To calculate the time and a half rate, multiply the hourly rate of pay by 1.5, then multiply the result by the total hours worked after 40.
New York State’s experiment with grade band certification for special educators is drawing to a close
At its September 2022 meeting, the Regents voted to establish a new Students with Disabilities All Grades certificate. Future holders of the new certificate will be able to teach students with disabilities in grades Pre-K through 12 in public schools. This is what you need to know about the new certificate structure:
- With the exception of the Pre-K-2 SWD certificate, issuance of new SWD grade band certificates will be phased out.
- Existing certificates (grade band and permanent special education) will continue to be recognized.
- Because the new certificate has different requirements than existing certificates, holders of existing certificates will not automatically become eligible for the new certificate.
- Holders of existing certificates may, but are not required to, obtain the new certificate.
- NYSED will continue to issue professional certificates and reissue initial certificates to those who meet the requirements.
- Special educators who hold a SOCE remain qualified to teach a special class in a subject area in grades 7-12.
- Special educators with SWD 7-12 certificates who wish to become certified to teach a special class in a subject area may do so by obtaining a subject area extension (now 12 credits rather than 18 or passing a content specialty test) or a limited extension.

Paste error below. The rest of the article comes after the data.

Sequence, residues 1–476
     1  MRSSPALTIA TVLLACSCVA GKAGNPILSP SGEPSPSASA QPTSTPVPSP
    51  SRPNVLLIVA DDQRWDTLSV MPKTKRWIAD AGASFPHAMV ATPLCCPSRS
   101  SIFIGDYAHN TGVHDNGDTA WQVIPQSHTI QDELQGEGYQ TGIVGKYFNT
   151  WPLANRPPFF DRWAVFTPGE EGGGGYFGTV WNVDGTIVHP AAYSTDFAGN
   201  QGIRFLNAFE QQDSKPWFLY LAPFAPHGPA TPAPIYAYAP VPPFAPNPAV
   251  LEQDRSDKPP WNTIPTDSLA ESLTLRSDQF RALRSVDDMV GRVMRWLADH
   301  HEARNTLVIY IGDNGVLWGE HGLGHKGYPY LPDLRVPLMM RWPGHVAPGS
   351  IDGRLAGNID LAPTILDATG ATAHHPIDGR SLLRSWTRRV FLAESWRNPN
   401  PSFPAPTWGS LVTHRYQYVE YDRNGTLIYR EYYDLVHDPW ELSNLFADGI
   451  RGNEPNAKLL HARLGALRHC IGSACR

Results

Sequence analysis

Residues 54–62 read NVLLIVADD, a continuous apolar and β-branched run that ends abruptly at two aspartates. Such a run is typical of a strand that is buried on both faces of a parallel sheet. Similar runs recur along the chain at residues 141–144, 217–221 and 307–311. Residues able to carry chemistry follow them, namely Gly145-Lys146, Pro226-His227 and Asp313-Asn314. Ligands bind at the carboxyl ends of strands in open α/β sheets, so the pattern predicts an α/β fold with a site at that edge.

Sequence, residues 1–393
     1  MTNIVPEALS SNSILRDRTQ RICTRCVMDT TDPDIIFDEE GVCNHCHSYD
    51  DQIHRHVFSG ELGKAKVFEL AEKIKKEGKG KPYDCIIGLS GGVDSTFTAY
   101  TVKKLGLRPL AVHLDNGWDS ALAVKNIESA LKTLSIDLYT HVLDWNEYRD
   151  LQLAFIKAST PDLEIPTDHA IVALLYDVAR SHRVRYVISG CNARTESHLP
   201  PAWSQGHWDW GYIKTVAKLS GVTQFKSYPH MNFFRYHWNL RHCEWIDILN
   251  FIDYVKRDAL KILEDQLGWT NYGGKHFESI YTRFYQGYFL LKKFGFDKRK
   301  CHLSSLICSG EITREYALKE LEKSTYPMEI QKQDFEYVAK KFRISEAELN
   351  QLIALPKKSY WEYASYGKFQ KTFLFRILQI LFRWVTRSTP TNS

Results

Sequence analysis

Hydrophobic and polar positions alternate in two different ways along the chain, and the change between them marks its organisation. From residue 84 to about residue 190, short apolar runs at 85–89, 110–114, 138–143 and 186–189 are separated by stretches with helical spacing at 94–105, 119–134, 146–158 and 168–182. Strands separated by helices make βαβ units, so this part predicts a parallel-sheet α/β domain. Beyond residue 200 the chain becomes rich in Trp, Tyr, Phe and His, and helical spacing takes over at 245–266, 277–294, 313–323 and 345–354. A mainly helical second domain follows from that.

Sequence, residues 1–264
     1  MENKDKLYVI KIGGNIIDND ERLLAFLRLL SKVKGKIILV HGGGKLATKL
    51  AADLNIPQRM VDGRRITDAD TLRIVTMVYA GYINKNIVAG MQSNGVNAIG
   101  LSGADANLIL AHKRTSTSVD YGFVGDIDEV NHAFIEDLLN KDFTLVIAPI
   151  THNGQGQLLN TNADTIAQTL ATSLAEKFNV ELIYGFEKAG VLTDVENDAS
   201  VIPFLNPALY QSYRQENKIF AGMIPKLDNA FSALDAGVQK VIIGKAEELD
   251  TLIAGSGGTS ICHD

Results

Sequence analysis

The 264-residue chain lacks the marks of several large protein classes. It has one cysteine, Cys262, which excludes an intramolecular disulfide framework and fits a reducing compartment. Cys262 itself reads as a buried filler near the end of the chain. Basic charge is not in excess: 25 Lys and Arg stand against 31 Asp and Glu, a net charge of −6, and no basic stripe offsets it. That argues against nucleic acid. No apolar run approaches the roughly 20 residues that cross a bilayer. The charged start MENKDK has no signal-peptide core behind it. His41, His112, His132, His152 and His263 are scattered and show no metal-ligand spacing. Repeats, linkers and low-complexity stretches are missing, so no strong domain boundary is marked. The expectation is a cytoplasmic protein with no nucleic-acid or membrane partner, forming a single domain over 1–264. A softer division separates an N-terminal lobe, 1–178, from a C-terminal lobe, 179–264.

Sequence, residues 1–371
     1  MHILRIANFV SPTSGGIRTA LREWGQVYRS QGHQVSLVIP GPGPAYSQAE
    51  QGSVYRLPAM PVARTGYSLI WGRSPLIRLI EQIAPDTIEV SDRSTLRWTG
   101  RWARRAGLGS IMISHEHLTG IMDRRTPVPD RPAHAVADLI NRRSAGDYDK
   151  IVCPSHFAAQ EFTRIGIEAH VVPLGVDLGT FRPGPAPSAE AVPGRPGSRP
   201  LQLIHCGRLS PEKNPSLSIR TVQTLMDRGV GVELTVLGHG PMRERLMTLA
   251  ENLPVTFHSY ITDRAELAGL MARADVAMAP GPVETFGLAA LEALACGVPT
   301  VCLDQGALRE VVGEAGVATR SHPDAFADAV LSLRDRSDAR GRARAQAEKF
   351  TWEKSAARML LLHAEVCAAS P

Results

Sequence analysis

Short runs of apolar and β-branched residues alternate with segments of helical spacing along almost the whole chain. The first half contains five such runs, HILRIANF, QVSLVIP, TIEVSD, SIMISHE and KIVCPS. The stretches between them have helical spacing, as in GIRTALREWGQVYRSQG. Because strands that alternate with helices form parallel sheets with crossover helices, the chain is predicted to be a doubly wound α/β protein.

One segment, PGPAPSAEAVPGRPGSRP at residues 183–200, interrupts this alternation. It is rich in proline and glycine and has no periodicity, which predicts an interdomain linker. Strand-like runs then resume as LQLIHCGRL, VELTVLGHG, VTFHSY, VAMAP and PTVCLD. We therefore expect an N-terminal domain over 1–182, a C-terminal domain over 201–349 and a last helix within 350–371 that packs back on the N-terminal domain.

Check out how your school is doing in meeting the needs of students with disabilities
In response to a local law passed by the New York City Council in 2015 and updated periodically thereafter, the DOE reports quarterly on compliance with students’ individual education programs. The report includes a narrative summary of the DOE’s progress and an Excel file with data on program and related service compliance disaggregated by superintendency, district and school. Compliance with transportation mandates is newly included in the September 2022 report.
The USDOE’s Office of Special Education and Rehabilitative Services (OSERS) and Office for Civil Rights (OCR) issue new guidance on disciplining students with disabilities
All four documents (OSERS's Dear Colleague Letter; Questions and Answers: Addressing the needs of Children with Disabilities and IDEA’s Discipline Provisions; Positive, Proactive Approaches to Supporting the Needs of Children with Disabilities: A Guide for Stakeholders; and, OCR’s Supporting Students with Disabilities and Avoiding the Discriminatory Use of Student Discipline under Section 504 of the Rehabilitation Act of 1973) focus on the agencies’ longstanding concern with disparities in the use of discipline for children with disabilities and appropriate implementation of the two statutes. Notable is new guidance on “informal” removals and the application of discipline in virtual environments.
The term “emotional disturbance” has been officially changed to “emotional disability” in New York State regulations
The new term will be used beginning on July 27, 2022 on all IEPs developed or amended and any related documents. The name change does not change the coverage, eligibility, or rights of students with disabilities who currently have this classification. Nor does this change require that any IEPs already developed for the 2022-23 be changed.